The Man Who Saved the World: The Soviet Submariner Who Singlehandedly Averted WW3 At Height of Cuban Missile Crisis/Video
The Man Who Saved the World: The Soviet Submariner Who Singlehandedly Averted WW3 At Height of Cuban Missile Crisis/Video. PUBLISHED: 07:34 EST, 25 September 2012 | UPDATED: 01:45 EST, 26 September 2012.
Vasili Arkhipoy pictured saved the world by single-handedly averting World War 3 with one decision 50 years ago, yet he died humiliated, outcast and an unknown.
U.S.S.R. and U.S. stood on brink of nuclear war during Cuban Missile Crisis
Four Russian submarines secretly set sail to Cuba, with nuclear weapons
Vasili Arkhipov, who died in 1998, used last veto against firing sub's torpedo.
The Russians instead surrendered and his action avoided World War Three.
He was the man who saved the world by single-handedly averting World War Three five decades ago, yet he died humiliated, outcast and an unknown. Only now has his story has come to light.
A documentary shown tonight told how for 13 days during the Cuban Missile Crisis in October 1962, the world held its breath as the U.S.S.R. and the U.S. stood on the brink of nuclear war.
At the height of the Cold War, when paranoia on both sides meant the slightest provocation could spark nuclear war, four submarines secretly set sail from Russia to communist Cuba.
'At that period of time it was called "special weapon", not "nuclear torpedo",’ said Viktor Mikhailov, junior navigator on Sub B-59. ‘At that time we couldn't even imagine a nuclear torpedo.’
In a game of high stakes cat and mouse it wasn't long before the Russians were spotted. Arkhipov's sub was forced to make an emergency dive. As the submariners tried to stay hidden from their US hunters, conditions in the sub deteriorated. For a week they stayed underwater, in sweltering 60C heat, rationed to just one glass of water a day.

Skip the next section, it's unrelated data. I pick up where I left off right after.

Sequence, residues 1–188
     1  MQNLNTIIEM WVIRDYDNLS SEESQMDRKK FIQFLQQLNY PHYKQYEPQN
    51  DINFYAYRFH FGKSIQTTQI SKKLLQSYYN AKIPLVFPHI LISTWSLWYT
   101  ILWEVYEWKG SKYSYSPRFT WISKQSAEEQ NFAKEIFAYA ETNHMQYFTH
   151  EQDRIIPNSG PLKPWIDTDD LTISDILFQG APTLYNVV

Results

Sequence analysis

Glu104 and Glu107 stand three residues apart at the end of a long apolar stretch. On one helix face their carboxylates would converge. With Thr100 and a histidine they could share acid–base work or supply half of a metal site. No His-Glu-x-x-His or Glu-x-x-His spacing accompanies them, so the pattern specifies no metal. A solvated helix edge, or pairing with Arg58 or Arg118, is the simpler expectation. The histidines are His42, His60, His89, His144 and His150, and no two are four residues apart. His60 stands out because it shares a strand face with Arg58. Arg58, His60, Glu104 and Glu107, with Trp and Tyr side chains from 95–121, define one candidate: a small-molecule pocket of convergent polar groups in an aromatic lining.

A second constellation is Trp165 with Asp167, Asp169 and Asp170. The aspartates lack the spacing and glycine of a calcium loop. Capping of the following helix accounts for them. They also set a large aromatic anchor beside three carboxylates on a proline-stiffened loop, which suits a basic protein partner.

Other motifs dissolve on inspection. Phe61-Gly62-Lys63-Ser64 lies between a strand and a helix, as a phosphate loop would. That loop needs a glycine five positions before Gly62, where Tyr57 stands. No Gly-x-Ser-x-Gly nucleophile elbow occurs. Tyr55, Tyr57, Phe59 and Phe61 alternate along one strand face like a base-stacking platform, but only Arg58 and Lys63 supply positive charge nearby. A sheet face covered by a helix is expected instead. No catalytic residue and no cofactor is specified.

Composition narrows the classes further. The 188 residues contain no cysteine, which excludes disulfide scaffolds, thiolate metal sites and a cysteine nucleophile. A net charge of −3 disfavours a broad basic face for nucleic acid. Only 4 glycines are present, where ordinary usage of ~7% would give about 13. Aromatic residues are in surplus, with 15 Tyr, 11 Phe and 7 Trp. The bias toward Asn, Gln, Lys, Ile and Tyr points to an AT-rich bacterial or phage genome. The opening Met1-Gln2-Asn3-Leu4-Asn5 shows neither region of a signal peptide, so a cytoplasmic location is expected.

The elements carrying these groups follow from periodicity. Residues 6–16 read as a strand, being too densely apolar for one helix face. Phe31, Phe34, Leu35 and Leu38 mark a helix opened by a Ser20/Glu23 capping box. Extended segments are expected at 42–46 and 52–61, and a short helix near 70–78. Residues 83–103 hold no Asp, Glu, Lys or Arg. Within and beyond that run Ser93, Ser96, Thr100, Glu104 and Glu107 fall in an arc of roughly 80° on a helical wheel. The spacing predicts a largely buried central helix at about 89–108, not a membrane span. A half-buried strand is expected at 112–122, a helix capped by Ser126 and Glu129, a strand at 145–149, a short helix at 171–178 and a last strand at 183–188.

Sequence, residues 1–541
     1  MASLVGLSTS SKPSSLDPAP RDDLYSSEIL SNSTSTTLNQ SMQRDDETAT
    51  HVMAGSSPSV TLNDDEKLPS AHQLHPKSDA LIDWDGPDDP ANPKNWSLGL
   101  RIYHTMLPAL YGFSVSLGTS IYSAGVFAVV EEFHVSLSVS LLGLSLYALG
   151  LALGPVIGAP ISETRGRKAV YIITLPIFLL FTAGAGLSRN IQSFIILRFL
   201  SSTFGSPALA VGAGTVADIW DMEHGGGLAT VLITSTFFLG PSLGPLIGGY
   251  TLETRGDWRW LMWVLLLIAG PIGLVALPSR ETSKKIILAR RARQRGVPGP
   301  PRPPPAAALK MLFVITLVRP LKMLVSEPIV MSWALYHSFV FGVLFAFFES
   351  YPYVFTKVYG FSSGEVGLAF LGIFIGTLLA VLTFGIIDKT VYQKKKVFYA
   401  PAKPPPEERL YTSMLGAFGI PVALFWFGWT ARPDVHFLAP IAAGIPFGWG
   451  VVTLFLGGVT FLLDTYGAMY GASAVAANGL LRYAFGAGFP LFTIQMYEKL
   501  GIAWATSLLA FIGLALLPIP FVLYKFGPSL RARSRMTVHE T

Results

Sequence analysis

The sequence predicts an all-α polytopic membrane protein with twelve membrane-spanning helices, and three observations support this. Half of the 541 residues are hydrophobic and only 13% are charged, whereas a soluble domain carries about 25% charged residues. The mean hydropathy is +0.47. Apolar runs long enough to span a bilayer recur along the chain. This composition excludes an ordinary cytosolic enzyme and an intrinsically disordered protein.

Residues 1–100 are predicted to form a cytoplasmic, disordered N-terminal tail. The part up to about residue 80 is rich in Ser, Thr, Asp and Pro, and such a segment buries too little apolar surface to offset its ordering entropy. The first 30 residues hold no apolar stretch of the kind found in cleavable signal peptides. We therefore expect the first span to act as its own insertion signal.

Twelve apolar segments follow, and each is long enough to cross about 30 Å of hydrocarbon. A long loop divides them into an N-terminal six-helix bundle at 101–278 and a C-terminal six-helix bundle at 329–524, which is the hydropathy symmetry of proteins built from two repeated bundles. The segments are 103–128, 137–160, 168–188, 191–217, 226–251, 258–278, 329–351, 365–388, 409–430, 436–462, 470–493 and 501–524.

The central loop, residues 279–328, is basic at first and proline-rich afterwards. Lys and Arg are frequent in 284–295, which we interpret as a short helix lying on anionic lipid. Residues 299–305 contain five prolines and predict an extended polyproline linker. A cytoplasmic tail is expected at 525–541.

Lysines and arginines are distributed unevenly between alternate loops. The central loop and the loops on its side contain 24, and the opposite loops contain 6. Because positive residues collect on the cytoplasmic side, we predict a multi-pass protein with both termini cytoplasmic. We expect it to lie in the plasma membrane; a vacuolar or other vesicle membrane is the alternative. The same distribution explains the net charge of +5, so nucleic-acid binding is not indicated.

'Basically what we were trying to do was apply passive torture. Frankly I don't think we felt any sympathy for them at all. They were the enemy.'
Above them, the U.S. navy were 'hunting by exhaustion' - trying to force the Soviet sub to come to the surface to recharge its batteries.
They had no idea that on board the submarines were weapons capable of destroying the entire American fleet.
Gary Slaughter, a signalman on board the USS Cony battleship, said: 'We knew they were probably having trouble breathing. It was hot as hell in there, they were miserable. 'They were cramped together and they had been under great stress for a long time. Basically what we were trying to do was apply passive torture.
'They said that the person who prevented a nuclear war was the Russian submariner Vasili Arkhipov.
'Frankly I don't think we felt any sympathy for them at all. They were the enemy.'
The Americans decided to ratchet up the pressure, and dropped warning grenades into the sea. Inside the sub, the Soviet submariners thought they were under attack.
Valentin Savitsky, the captain of B59, was convinced the nuclear war had already started.